In Mexico, shortly after Felipe Calderon took the presidential office in December 2006, he launched a major crackdown on the country's drug cartels. Since then, it has been estimated that about 45,000 people have been killed.
I will make no effort to downplay the grief that these tragic events have caused thousands of people in a country racked by ruinous drug-related violence. What I do want to communicate is what many Mexicans are trying to do to ameliorate the state of chaos in our country: to do so, allow me to tell you about the efforts of the institution where I work.
The Monterrey Institute of Technology (ITESM) is a Mexican university. It has 31 campuses situated throughout the country, about 92,000 students and almost 9,000 faculty members. For about seven years, it has been Monterrey Tech's goal to modify its entire core and curriculum so that every student and scholar involved with the university addresses Mexico's current problems.
This is being done through an ethical strategy, "ethics across the curriculum". As part of the strategy, every Monterrey Tech student must complete at least 480 hours of community service in institutions that serve social and civil purposes.
In addition to the community service, students and professors can also initiate or propose sustainable projects designed to alleviate economic, educational and social problems.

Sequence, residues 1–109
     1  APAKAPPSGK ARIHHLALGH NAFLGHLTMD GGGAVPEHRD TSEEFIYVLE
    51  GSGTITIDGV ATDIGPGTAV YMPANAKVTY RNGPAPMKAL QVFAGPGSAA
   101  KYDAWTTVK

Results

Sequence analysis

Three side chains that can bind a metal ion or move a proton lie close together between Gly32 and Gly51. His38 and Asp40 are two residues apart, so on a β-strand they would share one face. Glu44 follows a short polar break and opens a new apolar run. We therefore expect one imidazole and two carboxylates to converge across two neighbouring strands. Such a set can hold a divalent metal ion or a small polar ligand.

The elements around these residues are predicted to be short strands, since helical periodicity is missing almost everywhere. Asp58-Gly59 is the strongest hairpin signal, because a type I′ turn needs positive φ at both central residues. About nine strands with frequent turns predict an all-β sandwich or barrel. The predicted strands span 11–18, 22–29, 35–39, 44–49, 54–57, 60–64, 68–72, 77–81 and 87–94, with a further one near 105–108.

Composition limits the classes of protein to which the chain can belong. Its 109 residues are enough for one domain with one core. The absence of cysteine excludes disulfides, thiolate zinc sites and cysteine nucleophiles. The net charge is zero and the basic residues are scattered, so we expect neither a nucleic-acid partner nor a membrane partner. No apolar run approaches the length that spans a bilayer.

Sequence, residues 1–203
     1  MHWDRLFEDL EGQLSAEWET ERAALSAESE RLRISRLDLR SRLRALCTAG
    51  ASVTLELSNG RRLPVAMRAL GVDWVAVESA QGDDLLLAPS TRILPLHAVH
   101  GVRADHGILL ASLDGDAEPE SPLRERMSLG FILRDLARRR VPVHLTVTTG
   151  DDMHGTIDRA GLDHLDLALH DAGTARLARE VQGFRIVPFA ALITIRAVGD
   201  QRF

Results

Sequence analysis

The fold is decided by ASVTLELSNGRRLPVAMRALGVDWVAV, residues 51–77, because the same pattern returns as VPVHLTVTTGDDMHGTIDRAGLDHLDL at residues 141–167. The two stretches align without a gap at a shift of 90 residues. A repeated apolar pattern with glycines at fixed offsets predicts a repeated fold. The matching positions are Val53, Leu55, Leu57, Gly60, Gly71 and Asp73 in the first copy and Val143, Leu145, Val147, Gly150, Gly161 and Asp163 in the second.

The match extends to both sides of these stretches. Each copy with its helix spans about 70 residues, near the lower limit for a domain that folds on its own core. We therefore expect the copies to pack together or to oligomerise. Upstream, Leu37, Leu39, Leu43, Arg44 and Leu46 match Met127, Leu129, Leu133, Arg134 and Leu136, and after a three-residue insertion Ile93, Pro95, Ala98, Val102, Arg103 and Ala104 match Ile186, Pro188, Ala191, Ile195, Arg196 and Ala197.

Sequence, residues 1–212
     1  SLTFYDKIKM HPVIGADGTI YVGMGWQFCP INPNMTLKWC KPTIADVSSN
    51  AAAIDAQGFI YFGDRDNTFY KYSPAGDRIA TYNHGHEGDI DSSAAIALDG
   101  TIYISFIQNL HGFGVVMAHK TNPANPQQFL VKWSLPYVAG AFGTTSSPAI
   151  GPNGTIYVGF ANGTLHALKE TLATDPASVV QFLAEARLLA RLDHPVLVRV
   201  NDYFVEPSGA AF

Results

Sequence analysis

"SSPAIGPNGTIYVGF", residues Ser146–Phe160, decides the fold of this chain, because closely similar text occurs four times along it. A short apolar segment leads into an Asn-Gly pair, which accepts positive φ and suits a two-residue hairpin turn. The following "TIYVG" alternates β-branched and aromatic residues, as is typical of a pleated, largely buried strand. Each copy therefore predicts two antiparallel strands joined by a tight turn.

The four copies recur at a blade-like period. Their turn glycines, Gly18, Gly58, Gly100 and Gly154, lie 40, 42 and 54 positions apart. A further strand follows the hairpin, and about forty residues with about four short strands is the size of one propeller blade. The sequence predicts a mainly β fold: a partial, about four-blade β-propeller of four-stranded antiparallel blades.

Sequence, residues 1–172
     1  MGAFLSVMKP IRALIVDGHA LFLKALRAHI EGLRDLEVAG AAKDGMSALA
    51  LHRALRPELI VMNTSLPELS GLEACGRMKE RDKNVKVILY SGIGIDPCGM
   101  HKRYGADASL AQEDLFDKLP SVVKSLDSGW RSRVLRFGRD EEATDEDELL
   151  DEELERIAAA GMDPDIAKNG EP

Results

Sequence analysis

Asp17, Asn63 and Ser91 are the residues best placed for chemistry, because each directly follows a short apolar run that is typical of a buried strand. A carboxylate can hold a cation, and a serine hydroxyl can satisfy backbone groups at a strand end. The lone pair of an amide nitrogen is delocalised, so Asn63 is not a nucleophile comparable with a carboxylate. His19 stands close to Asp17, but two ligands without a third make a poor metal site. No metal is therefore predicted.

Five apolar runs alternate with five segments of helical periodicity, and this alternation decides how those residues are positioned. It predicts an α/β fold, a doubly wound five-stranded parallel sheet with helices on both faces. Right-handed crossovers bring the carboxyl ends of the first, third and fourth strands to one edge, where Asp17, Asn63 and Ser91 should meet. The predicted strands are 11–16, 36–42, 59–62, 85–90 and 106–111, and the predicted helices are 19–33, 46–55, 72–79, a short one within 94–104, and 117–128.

In 2009, about 1,751 such projects were offered throughout the ITESM system, including medical services, micro-lending programmes and educational outreach, among others.
Education must be a means to the end of serving society - every student and professor at Monterrey Tech ought to be a conductor of social change. The value of ethics, society, citizenship and democracy are the primary focus of our educational goals.
Mexico's drug-related problems are rooted in a lack of social conscience and responsibility - qualities that every citizen must come to recognise are intrinsic to allowing us to share time and space with others peacefully.
A subway system works if every individual - or at least most of them - agrees to pay the designated train fare. But what if someone comes along and decides to cheat and not pay - and in addition sees himself as "more intelligent" than the rest of us who do pay? This is a scenario that illustrates the nature of broken societies such as Mexico's.
"More intelligent" implies that these selfish people have a greater capability to cheat the system. However, what would happen if all of us decided to be as "intelligent" as the cheater? Society would cease to function.
Ethics across the curriculum at ITESM is striving to create a collective-action conscience in every student and the people we are trying to serve through community service.
Every morning I go to school and contribute my grain of sand, believing that a transformation will eventually come. I have experienced education's power to change the lives of individuals, and individuals are the protagonists in any given society.
I need to reaffirm my conviction on a daily basis; I also need to believe that through education we will defeat the colossal social problems that Mexico now faces.